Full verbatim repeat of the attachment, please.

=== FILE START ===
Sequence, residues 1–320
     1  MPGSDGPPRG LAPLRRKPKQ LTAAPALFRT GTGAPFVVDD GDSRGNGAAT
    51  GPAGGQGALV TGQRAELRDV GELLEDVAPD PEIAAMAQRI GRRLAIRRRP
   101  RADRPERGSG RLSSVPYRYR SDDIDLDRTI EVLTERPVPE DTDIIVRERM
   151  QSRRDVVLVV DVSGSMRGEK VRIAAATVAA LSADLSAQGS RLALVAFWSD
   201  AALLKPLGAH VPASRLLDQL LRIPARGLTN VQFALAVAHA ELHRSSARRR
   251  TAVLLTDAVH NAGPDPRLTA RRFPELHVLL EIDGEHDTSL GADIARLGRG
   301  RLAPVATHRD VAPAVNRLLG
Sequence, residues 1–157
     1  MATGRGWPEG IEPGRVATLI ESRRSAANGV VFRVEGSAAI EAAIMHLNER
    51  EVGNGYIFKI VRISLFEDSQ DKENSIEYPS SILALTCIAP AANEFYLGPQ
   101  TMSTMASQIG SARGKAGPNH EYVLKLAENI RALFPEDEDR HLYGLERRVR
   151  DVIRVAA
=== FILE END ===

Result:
Sequence, residues 1–320
     1  MPGSDGPPRG LAPLRRKPKQ LTAAPALFRT GTGAPFVVDD GDSRGNGAAT
    51  GPAGGQGALV TGQRAELRDV GELLEDVAPD PEIAAMAQRI GRRLAIRRRP
   101  RADRPERGSG RLSSVPYRYR SDDIDLDRTI EVLTERPVPE DTDIIVRERM
   151  QSRRDVVLVV DVSGSMRGEK VRIAAATVAA LSADLSAQGS RLALVAFWSD
   201  AALLKPLGAH VPASRLLDQL LRIPARGLTN VQFALAVAHA ELHRSSARRR
   251  TAVLLTDAVH NAGPDPRLTA RRFPELHVLL EIDGEHDTSL GADIARLGRG
   301  RLAPVATHRD VAPAVNRLLG
Sequence, residues 1–157
     1  MATGRGWPEG IEPGRVATLI ESRRSAANGV VFRVEGSAAI EAAIMHLNER
    51  EVGNGYIFKI VRISLFEDSQ DKENSIEYPS SILALTCIAP AANEFYLGPQ
   101  TMSTMASQIG SARGKAGPNH EYVLKLAENI RALFPEDEDR HLYGLERRVR
   151  DVIRVAA